Johnny Marr Amp Settings – ‘The Smiths’ Guitar Tone & Gear

Author: Richard Clyborne | Updated: | This post may contain affiliate links.

Starting life as a small, independent band from Manchester, The Smiths quickly exploded onto the charts, scoring hit after hit and giving rise to a new style of music.

Their melodic, guitar, bass, and drum-focused sound stood out at a time when synth-pop dominated the airwaves. Much of The Smiths’ success can be attributed to their lead guitarist, Johnny Marr.

Marr’s iconic tone and complex riff work helped give The Smiths a unique sound that has continued to inspire new music ever since their first album was released in 1984.

To help you achieve Marr’s signature jangle-rock tone, I’m going to walk you through the guitars, pedals, amps, and settings he used on his way to securing multiple number 1 tracks.


In his 40-year career, Marr has used a plethora of different guitars.

Marr famously loved the Rickenbacker 330 which helped define The Smiths’ early, iconic jangle-rock sound. The post-’70s Rickenbackers Marr used, had new high-gain single-coil pickups which helped differentiate their sound from acts like the Beatles who’d used this guitar decades before.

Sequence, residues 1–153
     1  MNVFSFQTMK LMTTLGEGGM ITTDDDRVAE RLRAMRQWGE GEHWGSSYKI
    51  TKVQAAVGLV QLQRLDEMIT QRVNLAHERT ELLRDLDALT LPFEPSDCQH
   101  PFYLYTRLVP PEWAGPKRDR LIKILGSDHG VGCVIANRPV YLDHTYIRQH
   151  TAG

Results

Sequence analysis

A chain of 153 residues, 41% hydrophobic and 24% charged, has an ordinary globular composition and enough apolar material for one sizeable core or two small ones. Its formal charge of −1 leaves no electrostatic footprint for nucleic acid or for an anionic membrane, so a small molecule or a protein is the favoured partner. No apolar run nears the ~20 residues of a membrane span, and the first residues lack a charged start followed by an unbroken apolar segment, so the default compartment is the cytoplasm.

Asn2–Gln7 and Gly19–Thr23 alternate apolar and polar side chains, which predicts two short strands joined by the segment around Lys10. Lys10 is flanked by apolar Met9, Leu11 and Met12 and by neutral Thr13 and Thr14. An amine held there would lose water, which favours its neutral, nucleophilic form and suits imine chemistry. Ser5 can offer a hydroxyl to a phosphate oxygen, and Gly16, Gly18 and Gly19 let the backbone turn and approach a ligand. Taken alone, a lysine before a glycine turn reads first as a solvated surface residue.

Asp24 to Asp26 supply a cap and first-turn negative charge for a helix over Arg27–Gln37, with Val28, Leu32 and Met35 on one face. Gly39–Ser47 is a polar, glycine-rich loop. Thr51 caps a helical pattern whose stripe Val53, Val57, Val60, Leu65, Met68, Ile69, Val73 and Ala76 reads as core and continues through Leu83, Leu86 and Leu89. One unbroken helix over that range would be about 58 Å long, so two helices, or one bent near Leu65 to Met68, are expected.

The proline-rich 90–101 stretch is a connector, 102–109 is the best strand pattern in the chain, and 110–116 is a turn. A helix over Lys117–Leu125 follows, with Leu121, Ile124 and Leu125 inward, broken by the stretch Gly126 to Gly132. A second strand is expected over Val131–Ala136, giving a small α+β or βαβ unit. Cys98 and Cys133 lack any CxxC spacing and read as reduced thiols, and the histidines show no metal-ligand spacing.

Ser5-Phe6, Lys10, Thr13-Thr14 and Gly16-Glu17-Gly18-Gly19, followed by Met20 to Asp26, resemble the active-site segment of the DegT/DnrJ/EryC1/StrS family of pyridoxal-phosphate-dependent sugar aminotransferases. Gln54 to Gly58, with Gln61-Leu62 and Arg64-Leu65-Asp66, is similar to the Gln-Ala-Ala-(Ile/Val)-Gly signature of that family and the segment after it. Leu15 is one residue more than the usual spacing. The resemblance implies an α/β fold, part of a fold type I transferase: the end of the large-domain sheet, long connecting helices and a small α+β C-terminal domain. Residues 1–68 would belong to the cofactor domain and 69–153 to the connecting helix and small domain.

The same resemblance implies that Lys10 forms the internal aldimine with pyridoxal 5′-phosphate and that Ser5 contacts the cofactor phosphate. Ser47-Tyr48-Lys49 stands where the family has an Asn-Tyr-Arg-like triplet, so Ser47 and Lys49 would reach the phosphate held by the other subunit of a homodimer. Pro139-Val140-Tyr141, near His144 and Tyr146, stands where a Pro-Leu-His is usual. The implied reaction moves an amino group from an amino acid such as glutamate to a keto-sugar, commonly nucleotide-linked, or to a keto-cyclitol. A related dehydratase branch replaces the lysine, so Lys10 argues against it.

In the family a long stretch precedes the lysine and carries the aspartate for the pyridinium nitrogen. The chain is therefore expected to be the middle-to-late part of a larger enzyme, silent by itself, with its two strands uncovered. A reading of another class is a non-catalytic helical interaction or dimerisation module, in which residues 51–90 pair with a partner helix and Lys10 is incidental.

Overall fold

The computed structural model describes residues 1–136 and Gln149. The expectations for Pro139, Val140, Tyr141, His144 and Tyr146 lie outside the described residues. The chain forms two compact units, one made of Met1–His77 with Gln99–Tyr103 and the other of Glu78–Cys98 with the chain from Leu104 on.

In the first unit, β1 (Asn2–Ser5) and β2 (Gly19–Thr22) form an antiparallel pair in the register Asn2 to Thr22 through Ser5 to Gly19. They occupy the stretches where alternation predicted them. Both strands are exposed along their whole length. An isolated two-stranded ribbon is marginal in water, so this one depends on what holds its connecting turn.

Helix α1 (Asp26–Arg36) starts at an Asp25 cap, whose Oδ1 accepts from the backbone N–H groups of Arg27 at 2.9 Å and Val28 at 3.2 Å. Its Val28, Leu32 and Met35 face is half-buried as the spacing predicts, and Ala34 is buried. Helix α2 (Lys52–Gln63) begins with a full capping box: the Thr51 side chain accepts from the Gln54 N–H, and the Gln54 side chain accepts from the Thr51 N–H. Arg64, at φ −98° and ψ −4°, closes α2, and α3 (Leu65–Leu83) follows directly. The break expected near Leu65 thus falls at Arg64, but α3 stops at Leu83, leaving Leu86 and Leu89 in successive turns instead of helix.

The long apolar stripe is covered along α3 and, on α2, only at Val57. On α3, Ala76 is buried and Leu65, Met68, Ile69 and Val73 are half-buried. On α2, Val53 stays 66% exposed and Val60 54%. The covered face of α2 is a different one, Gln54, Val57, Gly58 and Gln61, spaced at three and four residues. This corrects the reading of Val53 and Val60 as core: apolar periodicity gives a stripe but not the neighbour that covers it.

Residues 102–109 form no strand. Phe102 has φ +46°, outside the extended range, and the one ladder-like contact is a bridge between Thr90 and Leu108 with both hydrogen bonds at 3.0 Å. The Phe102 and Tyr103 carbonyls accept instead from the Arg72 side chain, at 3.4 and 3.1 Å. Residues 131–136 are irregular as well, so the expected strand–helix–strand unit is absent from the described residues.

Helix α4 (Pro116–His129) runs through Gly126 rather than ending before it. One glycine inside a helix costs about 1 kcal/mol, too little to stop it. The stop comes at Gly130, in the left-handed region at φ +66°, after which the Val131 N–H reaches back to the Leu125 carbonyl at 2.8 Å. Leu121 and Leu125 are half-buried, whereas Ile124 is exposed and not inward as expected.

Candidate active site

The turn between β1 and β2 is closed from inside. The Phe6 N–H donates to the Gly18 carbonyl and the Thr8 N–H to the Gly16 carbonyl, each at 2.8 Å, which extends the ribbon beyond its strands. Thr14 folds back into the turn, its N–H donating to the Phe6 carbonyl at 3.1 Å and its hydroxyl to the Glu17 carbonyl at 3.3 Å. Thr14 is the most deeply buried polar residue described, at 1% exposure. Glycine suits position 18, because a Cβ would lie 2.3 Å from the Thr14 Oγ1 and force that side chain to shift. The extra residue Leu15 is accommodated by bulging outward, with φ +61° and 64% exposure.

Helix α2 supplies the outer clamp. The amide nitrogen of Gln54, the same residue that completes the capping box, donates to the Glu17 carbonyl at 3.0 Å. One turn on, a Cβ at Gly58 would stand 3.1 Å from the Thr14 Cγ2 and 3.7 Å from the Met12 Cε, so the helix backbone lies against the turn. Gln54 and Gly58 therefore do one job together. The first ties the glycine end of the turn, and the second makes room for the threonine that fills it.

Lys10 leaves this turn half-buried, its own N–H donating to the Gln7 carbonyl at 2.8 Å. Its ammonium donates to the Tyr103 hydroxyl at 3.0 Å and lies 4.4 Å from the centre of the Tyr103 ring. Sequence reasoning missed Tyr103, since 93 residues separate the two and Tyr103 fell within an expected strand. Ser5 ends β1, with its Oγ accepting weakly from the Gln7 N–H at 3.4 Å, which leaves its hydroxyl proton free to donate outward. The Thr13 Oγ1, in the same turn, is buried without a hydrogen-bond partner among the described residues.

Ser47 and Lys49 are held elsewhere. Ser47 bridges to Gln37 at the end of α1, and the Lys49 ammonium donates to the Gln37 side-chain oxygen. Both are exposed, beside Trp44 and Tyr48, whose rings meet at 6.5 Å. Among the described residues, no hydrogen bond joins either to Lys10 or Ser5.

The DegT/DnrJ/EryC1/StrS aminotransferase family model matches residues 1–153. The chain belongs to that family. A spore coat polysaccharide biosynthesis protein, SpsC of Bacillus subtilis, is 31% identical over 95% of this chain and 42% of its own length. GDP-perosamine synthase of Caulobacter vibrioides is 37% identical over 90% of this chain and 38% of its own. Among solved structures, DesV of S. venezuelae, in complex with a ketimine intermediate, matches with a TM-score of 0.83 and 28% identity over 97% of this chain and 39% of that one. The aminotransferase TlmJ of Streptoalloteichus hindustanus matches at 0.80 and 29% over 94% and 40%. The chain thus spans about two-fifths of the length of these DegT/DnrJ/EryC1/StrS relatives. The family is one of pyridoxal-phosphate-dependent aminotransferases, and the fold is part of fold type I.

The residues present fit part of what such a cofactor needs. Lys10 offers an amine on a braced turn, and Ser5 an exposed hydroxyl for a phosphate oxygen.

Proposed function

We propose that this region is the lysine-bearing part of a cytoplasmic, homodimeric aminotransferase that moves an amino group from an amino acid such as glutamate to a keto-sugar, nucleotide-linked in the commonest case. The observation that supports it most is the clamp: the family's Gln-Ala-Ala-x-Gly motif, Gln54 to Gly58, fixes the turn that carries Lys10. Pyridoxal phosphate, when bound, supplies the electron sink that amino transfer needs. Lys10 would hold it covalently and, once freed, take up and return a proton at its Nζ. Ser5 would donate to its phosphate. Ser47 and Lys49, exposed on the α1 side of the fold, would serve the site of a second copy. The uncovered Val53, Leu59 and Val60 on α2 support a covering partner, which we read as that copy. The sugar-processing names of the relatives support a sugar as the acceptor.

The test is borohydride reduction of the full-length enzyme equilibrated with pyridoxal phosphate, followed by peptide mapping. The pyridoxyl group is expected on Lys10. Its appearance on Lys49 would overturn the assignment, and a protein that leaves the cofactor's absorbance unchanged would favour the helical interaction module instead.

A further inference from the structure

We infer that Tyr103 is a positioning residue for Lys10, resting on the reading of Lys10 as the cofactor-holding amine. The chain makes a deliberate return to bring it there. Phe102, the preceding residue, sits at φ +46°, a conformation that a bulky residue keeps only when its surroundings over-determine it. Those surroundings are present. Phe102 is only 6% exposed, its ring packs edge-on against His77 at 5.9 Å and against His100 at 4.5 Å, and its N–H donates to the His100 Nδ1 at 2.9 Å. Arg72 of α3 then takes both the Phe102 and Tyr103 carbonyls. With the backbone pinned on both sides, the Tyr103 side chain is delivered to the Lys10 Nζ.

However, Johnny admits to using a 1968 Fender Telecaster for the majority of The Smith’s recordings. This guitar can be heard on tracks like “This Charming Man” and “There Is a Light That Never Goes Out”.

Marr also used a 1962 Fender Stratocaster for much of The Smiths 1986 UK and US tour, as the 3 single coils gave him access to a greater tonal range while performing on stage.

His cherry red Gibson ES-335 was another guitar that became heavily associated with The Smiths in the mid to late ‘80s. If you’re on a budget, getting yourself an Epiphone ES-335 is a great way to get that Smiths tone without breaking the bank.